Graham defends criticism of Rice, blames Obama ‘above all others’ over Benghazi

Sen. Lindsey Graham (R-S.C.) on Friday defended his criticism of U.S. Ambassador to the U.N. Susan Rice’s statements in the aftermath of the Benghazi attack and charged President Obama with “stonewalling the American people.”

“I blame the president above all others,” said Graham, speaking on Fox News. 

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Graham said that, compared to the administration's disclosures about other foreign policy issues, the White House has been reluctant to provide insight into their response to Benghazi.

“We have photos of the president in the situation room, a minute-by-minute account of the president's leadership. He deserves great credit for the Bin Laden raid. It was a gutsy call. We have information about how he called the deal on the recent cease-fire between the Israelis and Palestinians,” said Graham. “When it comes to Benghazi, we've been given no information about what he did for seven hours during the attack.”

The South Carolina senator, though, continued to question why the administration tapped Rice to share what it knew about Benghazi with the public in the days after the attack, which claimed four American lives.


“I also would like to know why was she chosen. She has absolutely no responsibility for the Benghazi conflict. She was not an intelligence professional. And the president said, ‘Why pick on her? She doesn't know anything about Benghazi, she had nothing to do it,’” said Graham. “So my question is: Why was she speaking to the American people then?”

Rice initially said the September attack on the U.S. Consulate in Benghazi was sparked by anti-American anger over a film critical of Islam that was posted to YouTube. The administration later amended their narrative, acknowledging that the assault was a planned terrorist attack.

Republicans have questioned whether the White House downplayed terrorist involvement to score political points before the election. 

Graham and fellow GOP lawmakers have said Rice’s role could force them to block her nomination if President Obama taps her to replace Hillary Clinton as secretary of State. Nearly 100 House Republicans last week signed a letter asking Obama not to nominate Rice to the top post at State.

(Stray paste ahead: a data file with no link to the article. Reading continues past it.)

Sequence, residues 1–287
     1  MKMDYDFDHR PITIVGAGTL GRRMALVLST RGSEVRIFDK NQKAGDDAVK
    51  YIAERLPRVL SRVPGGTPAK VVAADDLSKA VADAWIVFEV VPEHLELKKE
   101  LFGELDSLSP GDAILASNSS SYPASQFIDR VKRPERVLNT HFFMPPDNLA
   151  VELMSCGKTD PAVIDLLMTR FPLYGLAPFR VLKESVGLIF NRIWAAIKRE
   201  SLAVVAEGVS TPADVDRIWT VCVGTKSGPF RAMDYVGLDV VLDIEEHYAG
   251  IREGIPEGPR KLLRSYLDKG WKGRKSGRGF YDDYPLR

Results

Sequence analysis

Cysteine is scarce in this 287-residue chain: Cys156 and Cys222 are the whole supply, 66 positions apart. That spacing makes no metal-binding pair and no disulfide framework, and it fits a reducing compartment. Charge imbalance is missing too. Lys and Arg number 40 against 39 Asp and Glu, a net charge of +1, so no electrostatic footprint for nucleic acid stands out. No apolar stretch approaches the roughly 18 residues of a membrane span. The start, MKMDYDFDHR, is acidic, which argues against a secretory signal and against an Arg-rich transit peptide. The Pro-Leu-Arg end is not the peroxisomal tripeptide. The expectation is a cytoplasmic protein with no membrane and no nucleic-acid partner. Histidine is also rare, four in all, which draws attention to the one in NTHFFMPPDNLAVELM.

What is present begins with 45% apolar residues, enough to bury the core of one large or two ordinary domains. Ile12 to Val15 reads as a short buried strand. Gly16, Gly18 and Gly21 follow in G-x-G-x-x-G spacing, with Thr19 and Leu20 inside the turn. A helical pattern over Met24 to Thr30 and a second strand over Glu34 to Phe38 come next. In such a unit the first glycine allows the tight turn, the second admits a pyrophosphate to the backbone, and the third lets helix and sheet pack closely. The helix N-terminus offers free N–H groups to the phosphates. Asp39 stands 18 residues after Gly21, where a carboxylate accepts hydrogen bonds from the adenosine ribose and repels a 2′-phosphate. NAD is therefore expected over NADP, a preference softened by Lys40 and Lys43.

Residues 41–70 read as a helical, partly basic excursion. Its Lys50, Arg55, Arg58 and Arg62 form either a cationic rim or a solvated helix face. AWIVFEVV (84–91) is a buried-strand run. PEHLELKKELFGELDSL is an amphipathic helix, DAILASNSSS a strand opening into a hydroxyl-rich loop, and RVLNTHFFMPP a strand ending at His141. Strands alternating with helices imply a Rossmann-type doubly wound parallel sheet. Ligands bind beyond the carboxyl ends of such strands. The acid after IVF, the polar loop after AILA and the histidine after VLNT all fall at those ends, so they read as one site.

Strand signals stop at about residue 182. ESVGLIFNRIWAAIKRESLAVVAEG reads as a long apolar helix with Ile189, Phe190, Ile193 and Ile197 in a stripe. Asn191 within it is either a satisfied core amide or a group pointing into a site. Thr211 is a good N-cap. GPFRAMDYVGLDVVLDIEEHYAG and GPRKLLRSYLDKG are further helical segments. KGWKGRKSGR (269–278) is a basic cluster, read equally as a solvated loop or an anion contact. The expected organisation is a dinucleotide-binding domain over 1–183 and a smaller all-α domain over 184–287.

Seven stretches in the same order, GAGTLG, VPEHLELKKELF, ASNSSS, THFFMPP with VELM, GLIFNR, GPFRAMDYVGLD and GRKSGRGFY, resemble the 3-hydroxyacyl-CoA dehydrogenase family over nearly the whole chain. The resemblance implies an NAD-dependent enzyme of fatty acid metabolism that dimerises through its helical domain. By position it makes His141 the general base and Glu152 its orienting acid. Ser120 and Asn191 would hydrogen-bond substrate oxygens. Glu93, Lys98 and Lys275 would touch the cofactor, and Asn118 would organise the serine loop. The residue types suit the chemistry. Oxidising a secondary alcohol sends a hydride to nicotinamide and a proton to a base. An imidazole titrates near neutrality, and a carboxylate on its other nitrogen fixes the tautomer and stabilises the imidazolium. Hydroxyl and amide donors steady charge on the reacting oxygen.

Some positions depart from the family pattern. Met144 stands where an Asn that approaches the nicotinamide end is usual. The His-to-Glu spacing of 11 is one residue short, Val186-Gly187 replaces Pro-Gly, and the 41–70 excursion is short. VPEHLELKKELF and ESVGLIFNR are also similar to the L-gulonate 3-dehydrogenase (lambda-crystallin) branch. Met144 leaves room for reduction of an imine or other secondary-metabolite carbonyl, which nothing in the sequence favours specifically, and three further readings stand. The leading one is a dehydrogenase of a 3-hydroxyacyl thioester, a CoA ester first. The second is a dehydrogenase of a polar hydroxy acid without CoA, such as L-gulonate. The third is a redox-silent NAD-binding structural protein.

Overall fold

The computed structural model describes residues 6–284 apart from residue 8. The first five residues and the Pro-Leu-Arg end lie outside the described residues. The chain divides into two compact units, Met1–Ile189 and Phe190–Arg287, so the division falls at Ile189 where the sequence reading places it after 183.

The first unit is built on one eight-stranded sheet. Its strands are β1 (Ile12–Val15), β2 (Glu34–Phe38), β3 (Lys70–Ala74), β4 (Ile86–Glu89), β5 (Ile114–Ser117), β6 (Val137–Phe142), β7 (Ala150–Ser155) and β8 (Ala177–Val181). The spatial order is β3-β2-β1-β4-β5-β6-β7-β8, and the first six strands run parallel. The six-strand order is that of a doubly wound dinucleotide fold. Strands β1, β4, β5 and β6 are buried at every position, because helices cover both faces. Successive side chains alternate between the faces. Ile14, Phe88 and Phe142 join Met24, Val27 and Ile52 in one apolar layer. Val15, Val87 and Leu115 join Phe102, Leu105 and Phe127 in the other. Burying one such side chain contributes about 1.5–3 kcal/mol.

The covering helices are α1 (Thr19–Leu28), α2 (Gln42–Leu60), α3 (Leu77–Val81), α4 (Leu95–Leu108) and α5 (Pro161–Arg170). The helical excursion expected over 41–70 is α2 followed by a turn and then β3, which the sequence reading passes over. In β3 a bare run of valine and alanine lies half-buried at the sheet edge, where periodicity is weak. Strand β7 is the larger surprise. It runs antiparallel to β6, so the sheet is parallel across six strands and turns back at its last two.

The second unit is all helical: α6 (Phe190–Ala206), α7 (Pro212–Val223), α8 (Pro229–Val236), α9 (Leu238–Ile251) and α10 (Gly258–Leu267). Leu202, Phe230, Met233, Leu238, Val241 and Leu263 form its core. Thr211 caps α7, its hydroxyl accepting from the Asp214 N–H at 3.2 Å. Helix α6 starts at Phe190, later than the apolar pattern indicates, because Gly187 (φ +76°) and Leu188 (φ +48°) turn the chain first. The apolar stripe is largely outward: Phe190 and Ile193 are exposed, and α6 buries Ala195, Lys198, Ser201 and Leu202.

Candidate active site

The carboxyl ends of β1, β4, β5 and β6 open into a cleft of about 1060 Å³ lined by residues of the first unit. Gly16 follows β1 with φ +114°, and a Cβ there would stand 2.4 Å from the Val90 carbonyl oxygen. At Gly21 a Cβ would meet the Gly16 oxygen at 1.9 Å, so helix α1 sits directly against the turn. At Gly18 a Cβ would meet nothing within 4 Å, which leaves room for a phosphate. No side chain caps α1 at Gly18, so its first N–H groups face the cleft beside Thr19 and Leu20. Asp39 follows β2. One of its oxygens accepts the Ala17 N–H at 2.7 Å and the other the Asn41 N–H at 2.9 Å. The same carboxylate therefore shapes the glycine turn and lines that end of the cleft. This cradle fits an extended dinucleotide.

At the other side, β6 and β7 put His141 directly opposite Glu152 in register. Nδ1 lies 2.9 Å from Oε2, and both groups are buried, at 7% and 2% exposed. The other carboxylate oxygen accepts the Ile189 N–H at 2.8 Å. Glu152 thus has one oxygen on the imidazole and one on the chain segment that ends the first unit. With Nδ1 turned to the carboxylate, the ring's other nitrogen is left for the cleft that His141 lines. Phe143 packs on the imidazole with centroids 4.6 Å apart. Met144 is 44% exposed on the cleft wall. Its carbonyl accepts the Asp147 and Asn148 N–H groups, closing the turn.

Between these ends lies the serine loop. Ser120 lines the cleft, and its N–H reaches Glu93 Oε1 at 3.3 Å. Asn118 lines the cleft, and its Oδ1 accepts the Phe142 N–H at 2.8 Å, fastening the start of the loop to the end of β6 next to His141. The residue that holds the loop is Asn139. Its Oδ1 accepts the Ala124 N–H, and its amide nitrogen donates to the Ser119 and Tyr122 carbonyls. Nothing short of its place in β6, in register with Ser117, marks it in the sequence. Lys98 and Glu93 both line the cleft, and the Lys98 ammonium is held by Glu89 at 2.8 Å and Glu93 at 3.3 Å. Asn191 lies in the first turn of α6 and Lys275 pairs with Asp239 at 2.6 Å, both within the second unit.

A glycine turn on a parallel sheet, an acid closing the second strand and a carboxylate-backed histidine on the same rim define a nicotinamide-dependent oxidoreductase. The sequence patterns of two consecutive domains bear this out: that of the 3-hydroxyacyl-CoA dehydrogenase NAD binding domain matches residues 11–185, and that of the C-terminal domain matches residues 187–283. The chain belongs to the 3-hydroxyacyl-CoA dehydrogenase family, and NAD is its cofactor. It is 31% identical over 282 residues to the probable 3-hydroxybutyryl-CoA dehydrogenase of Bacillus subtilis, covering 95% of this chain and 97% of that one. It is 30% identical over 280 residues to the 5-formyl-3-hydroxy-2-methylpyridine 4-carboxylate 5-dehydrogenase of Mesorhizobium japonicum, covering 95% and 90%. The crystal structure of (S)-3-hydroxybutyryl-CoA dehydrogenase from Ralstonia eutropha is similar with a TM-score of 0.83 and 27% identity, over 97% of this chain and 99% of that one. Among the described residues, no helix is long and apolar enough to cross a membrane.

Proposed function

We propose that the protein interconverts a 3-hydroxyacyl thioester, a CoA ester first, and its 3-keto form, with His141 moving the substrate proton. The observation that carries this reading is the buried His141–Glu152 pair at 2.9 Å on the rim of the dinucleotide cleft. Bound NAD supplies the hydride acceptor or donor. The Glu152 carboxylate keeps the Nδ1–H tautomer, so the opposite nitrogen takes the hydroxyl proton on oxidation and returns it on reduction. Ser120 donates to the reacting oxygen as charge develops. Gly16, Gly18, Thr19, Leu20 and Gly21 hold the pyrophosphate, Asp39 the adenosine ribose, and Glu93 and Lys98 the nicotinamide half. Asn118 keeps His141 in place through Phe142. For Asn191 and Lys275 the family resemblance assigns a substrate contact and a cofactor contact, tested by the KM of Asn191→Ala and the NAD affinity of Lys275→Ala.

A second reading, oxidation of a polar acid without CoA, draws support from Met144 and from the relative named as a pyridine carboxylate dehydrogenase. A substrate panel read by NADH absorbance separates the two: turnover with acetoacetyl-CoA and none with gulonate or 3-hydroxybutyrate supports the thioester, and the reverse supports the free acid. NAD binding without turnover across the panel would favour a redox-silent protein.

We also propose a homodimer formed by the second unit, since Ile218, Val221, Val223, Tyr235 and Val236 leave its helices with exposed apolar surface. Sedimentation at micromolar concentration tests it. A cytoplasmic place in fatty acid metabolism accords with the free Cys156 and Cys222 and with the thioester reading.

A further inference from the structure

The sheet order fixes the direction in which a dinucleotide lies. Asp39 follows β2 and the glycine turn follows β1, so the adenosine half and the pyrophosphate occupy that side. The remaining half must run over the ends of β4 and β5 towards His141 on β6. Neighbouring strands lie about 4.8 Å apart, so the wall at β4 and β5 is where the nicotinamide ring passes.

Rice on Wednesday said GOP criticisms of her were “unfounded” and her initial account of the attack was based on then-current intelligence community assessments. 

“I have great respect for Sen. McCain and his service to our country. I always have and I always will,” Rice said. “I do think that some of the statements he’s made about me have been unfounded, but I look forward to having the opportunity at the appropriate time to discuss all of this with him.”

The content of the talking points given to Rice by the intelligence community have also come under congressional scrutiny. Former CIA Director David Petraeus testified last week that the intelligence agency knew almost immediately that the attack was terrorist in nature. Republicans say Rice must explain why the CIA’s explanation for the attack differed from her public statements.

Graham on Friday said he would continue pressing for answers. “We're going to keep pushing, because we need to know how the system failed, how these four brave Americans got killed, and we're going to get to the bottom of this.”

“Were they telling us the best intelligence we had about Benghazi, or were they shading the story to give the best political perspective for the administration?” he asked.